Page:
William Tyndale: The Man Who Died for Translating the Bible

Nearly 500 years ago, William Tyndale who is today called the ‘Father of the English Bible’ was strangled and burned at the stake after being tried and convicted of heresy and treason for translating the Bible into English. He was burnt alive at the ridiculous young age of 42 years old, for his efforts in translating the Greek Bible into English.

A graduate of Oxford and Cambridge, Tyndale had a powerful desire to make the Bible available to the common people in England. This desire was also birthed in order to correct the ‘Biblical ignorance of the priests.’ According to the records at one point in his life, Tyndale told a priest, “If God spares my life, and many years pass, I will cause that a boy that driveth the plow shall know more of the Scriptures than thou dost.”

Today, 90% of the King James Version of the Holy Bible and 75% of the Revised Standard Version are from the translations made by Tyndale, a man to whom Christianity owes so much thanks to. The fact that today, there is a Bible in almost every language of communication on earth and through which believers can read is largely due to his labour. Surprisingly, the bulk of the very phrases still retain the flavour of his understanding of Greek and Hebrew.



Tyndale was able to accomplish his task at a time when translating the Bible into English was practically ILLEGAL. He went to London to ask Bishop Tunstall if he could be authorised to make an English translation of the Bible, but the Bishop did not grant his approval. However, Tyndale did not let the disapproval of men stop him from carrying out what seemed so obviously to be God’s will. With the encouragement and support of some British merchants, he decided to go to Europe to complete his translation, have it printed and smuggle it back into England.

In 1524 Tyndale sailed for Germany. In Hamburg, he worked on the New Testament, and in Cologne, he found a printer who would print the work. Soon, news of Tyndale’s activity came to an opponent of the Reformation who had the press raided. Tyndale himself managed to escape with the pages already printed and made his way to the German city Worms where the New Testament was soon published. At the time, Six thousand copies were printed and smuggled into England.


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The Bishops did everything they could to eradicate the Bibles. Bishop Tunstall had copies ceremoniously burnt at St. Paul’s. The Archbishop of Canterbury bought up copies to destroy them. Tyndale used the money to print improved editions. He continued hiding among the merchants in Antwerp and began translating the Old Testament while the King’s agents searched all over England and Europe for him.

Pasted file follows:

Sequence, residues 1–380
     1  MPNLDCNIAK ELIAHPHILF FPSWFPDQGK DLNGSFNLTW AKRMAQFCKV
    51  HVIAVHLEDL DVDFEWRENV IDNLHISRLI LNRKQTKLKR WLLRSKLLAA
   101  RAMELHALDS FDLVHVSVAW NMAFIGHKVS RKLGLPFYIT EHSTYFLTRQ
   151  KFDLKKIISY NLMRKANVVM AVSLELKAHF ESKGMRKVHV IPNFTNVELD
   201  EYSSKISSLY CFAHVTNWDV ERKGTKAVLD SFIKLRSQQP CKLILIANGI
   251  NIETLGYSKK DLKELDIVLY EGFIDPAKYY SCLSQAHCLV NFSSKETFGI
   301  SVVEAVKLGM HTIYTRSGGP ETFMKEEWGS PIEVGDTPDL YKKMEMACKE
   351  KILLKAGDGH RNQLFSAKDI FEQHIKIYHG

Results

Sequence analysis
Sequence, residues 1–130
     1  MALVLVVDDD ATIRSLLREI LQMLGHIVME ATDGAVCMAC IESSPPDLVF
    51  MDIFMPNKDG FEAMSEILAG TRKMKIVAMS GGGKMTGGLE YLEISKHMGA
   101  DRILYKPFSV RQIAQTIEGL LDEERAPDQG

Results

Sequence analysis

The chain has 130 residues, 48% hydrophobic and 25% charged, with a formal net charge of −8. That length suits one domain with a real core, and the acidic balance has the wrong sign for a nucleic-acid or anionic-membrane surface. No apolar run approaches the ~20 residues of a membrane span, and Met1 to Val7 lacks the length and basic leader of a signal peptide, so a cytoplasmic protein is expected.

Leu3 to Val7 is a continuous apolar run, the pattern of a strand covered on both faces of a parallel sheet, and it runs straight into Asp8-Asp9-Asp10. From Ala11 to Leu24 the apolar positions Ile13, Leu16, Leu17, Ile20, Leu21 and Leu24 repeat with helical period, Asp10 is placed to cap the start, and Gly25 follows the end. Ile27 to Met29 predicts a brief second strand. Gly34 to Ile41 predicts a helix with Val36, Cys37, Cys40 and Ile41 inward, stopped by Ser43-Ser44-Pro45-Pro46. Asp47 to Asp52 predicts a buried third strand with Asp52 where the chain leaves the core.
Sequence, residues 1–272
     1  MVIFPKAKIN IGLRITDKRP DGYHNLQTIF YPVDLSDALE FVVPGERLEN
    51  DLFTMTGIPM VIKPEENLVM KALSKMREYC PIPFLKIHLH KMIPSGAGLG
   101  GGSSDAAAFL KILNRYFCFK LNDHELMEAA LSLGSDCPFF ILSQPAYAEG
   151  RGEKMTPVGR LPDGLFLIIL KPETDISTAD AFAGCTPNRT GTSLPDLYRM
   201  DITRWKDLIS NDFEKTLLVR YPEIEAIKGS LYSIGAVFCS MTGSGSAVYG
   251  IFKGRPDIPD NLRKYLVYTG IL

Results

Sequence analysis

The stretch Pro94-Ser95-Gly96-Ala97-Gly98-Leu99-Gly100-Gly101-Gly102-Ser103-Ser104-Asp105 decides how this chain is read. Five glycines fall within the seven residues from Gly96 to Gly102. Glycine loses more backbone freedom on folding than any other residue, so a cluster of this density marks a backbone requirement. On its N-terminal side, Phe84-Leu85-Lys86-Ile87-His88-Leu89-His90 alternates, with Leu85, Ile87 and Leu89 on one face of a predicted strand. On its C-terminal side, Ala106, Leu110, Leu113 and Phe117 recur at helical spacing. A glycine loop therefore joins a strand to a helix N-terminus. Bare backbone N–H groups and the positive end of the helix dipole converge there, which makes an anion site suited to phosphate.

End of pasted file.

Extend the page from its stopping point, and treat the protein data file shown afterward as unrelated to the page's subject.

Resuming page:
A copy of Tyndale’s “The Obedience of a Christian Man” fell into the hands of King Henry VIII, providing the king with the rationale to break the Church in England from the Roman Catholic Church in 1534. In 1535, Tyndale was arrested and jailed in the castle of Vilvoorde (Filford) outside Brussels for over a year. Tyndale’s work was denounced by authorities of the Roman Catholic Church and Tyndale himself was accused of heresy. He was finally found by an English man who pretended to be his friend but then turned him over to the authorities.


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After spending a year and half in prison, he was brought to trial for heresy — FOR BELIEVING, among other things, IN THE FORGIVENESS OF SINS and that THE MERCY OFFERED IN THE GOSPEL WAS ENOUGH FOR SALVATION. In August 1536, he was condemned and was executed [burned alive at the stake] publicly on October 6, 1536, in a small town in Belgium.


As he burnt to death, Tyndale reportedly said “Lord, open the king of England’s eyes.”

The prayer was answered first in part when three years later, in 1539, King Henry VIII required every parish church in England to make a copy of the English Bible available to its parishioners. Today, Tyndale’s prayer is fully answered, and not only were the King’s eyes opened, but the Bible is a universal instrument. For the records,

  •  In 1611, the 54 scholars who produced the King James Bible drew significantly from Tyndale, as well as from translations that descended from his.
  •  In 2002, Tyndale was placed at number 26 in the BBC’s poll of the 100 Greatest Britons.

Today it’s hard to imagine the world without the English Bible, and how there could now be as many as 900 of such translations in existence. Before Tyndale, it had never happened. He’s thus known as the Father of the English Bible, since the later, epochal work of the King James Version of the Bible largely consisted of Tyndale’s scholarly and accessible translations. As a very important and interesting piece of history worth knowing and appreciating by all believers, it should also challenge believers to spend quality time in the study of this same glorious book that this great servant literally gave his life for.


The English language, as with scholarly understanding, continues to evolve and so the work of Bible translation continues today. But without the courage and intelligence of a man like Tyndale, who challenged the status quo before them and died for doing so, it might never have been possible.

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